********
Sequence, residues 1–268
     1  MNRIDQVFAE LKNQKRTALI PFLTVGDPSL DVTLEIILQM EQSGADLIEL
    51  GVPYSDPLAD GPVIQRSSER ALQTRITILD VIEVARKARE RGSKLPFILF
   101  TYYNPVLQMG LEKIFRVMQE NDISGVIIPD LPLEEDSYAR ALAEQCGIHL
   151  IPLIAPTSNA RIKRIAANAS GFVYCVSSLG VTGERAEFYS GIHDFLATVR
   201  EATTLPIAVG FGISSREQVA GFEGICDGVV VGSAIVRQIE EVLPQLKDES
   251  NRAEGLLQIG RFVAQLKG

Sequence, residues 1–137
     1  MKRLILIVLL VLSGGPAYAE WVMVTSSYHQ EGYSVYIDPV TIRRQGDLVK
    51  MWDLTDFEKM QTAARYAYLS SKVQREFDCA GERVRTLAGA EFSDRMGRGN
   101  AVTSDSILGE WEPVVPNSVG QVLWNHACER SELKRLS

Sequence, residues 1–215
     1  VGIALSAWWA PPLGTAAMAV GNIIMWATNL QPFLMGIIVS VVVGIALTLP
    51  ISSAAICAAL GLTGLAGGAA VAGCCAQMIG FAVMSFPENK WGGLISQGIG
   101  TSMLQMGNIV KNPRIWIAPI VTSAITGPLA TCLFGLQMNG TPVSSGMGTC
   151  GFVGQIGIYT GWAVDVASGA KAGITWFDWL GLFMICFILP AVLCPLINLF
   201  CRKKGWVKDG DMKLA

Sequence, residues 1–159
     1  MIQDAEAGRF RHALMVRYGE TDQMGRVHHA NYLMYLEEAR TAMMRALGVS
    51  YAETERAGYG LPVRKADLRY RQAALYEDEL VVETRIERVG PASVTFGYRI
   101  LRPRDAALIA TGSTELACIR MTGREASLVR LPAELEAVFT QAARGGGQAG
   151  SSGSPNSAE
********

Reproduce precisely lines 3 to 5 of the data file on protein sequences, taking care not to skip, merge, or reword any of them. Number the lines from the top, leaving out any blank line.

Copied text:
    51  GVPYSDPLAD GPVIQRSSER ALQTRITILD VIEVARKARE RGSKLPFILF
   101  TYYNPVLQMG LEKIFRVMQE NDISGVIIPD LPLEEDSYAR ALAEQCGIHL
   151  IPLIAPTSNA RIKRIAANAS GFVYCVSSLG VTGERAEFYS GIHDFLATVR